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Indonesia's capital shift to Nusantara reflects its growing strategic, economic power projection ambitions
Jakarta: The shifting of Indonesia's capital from Jakarta to Nusantara is not only about the country's efforts to escape floods and crowds, but it also has economic and geopolitical ramifications.
The Interpreter, published by The Lowy Institute in its report said that the capital shift reflects the country's growing strategic and economic power projection ambitions. Nusantara (East Kalimantan), which in Bahasa Indonesia means archipelago, is an interesting choice for the new capital.
It has been argued that the relocation is driven by geographic factors, namely its position in the middle of the Indonesian archipelago as well as it being an area free of disasters that often hit Indonesia, whether earthquakes, volcanic eruptions or tsunamis, reported The Interpreter.
Moreover, shifting its capital to East Kalimantan will position Indonesia's locus closer to areas of most interest, namely the Celebes Sea, Arafura Sea, and the Pacific Ocean.
It is no secret that Indonesia aims to position itself as a dynamic Indo-Pacific power exploiting its formidable centrally located position. Indonesia's vision for a "Global Maritime Fulcrum" and its part in shaping the ASEAN Outlook on the Indo-Pacific are testament to its desire to play that role, reported The Interpreter.
Taken together with developments Indonesia is undertaking on and around Natuna Island, its objective to be a maritime player is clear to see.
Additionally, being located along the Straits of Makassar, which is being positioned as an alternative shipping lane to the very busy Straits of Malacca, the maritime salience of this move - both from strategic and connectivity parameters - cannot be overstated, reported The Interpreter.
As a nation, Indonesia has changed its capital three times, from Batavia (Jakarta), Bandung, and Yogyakarta to Bukittinggi, back to Jakarta, and finally to Nusantara.
The plan to relocate the seat of Indonesia's government was announced by President Joko Widodo in 2019 and this year the Indonesian parliament passed a law enabling the proposed relocation.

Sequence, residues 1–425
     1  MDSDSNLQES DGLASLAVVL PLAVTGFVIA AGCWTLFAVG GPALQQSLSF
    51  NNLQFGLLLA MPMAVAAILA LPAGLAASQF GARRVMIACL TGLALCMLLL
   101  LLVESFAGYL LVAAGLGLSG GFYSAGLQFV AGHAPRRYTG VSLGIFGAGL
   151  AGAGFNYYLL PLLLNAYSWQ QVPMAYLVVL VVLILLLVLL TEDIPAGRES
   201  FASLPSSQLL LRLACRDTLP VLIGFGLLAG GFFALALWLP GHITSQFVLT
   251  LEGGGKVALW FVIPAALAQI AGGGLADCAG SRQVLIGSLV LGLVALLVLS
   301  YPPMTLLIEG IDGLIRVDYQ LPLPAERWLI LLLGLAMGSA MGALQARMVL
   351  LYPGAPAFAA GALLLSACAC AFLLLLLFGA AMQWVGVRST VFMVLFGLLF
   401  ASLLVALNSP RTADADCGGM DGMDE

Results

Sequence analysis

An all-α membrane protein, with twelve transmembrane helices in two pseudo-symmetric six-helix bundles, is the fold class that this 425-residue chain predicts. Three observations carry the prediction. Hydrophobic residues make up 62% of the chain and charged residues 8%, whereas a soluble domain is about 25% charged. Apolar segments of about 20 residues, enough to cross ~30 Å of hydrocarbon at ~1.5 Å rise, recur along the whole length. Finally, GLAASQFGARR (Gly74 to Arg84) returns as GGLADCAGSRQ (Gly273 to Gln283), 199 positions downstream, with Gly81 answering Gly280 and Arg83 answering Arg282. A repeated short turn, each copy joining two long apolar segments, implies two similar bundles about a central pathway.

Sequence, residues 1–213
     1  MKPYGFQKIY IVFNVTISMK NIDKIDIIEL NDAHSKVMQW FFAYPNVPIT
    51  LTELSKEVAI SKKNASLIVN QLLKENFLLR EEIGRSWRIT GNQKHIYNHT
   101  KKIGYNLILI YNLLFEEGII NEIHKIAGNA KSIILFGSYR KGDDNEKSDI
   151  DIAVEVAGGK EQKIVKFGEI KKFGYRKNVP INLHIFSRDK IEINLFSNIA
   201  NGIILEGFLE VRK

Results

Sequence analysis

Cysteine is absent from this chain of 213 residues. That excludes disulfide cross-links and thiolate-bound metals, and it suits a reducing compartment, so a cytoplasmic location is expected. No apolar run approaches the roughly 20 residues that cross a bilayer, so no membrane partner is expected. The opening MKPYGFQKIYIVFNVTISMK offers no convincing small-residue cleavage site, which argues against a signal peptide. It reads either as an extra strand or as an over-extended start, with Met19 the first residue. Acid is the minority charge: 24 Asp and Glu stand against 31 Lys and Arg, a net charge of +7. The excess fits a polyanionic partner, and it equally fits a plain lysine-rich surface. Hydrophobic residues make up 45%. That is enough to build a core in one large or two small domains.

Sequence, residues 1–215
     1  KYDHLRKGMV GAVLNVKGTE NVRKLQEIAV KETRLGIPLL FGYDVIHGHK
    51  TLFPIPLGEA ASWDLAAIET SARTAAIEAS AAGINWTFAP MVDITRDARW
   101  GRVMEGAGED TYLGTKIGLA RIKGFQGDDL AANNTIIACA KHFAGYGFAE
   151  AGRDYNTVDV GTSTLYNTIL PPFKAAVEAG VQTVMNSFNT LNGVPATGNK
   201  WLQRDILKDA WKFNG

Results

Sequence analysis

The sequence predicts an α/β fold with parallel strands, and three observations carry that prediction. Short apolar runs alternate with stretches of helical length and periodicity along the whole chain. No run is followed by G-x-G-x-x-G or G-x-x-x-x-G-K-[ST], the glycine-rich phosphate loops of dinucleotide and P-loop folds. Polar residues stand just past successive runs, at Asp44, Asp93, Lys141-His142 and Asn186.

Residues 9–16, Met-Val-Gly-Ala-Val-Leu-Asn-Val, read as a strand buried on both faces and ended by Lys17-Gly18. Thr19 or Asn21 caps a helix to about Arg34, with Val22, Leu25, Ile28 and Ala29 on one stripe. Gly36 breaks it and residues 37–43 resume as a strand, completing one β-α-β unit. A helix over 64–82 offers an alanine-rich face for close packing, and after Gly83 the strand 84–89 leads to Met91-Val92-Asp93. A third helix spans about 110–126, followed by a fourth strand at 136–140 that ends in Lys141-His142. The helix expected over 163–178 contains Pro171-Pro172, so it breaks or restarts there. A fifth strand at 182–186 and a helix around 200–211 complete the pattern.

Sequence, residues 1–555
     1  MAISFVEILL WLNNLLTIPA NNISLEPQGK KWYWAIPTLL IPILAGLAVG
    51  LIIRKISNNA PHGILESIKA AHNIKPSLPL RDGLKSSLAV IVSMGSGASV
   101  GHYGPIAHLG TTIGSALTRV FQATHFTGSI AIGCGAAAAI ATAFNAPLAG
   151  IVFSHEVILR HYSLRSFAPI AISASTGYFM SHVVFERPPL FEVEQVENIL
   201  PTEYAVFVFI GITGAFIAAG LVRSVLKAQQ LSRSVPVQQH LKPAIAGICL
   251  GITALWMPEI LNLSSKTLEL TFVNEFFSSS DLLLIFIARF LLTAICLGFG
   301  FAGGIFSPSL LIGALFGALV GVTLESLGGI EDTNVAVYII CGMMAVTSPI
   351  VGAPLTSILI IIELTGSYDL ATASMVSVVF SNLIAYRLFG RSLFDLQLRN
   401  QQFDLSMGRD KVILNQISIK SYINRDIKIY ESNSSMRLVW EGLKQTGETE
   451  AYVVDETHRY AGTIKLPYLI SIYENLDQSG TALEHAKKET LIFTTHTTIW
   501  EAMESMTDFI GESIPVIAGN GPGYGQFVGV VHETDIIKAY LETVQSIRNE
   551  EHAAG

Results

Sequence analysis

The decision to move the capital to Nusantara was taken as Jakarta is saturated - both in a population sense, and more so by regular floods.
This will encourage the growth of new businesses to meet what is expected to be a growing demand for goods and services, reported The Interpreter.
The economic impact is not expected to be confined to just the Indonesian side. Opportunities for enterprising businesses from three immediate neighbours in the vicinity - Brunei, Malaysia and the Philippines - will surely abound.
Hampered by its distance from key markets and a national cabotage policy (transport of goods or passengers between two ports/places within the same country by a foreign shipping/transport operator) that many local players blame for a lack of industrial development, Nusantara offers Sabah a potentially huge market much closer to home.
Indonesia's move will certainly require arrangements to protect its new capital. It is no secret that there are security concerns in the nearby Celebes and Sulu Seas. This area has long been a hive of piracy, smuggling and kidnapping for ransom, reported The Interpreter.
This is one of the reasons why Indonesia, Malaysia and the Philippines had established the Trilateral Cooperation Agreement (TCA) in 2017.
Certainly, the enhanced security that this entails will also facilitate the efforts by Malaysia and the Philippines to address their own domestic security concerns, which often overlap (for instance, smuggling, illegal immigration and the Abu Sayyaf group).
These developments in the security domain can have the effect of creating a secure area that can indirectly contribute to further economic integration and growth, reported The Interpreter.
This may see a new impetus in the Brunei-Indonesia-Malaysia-Philippines East ASEAN Growth Area (BIMP-EAGA). This initiative was established in 1994 but has continued to be hampered by its small market, lack of physical connectivity, and security concerns.
While there are security and economic benefits to be derived from the shifting of the capital, the act itself hints at the emergence of a more confident Indonesia. (ANI)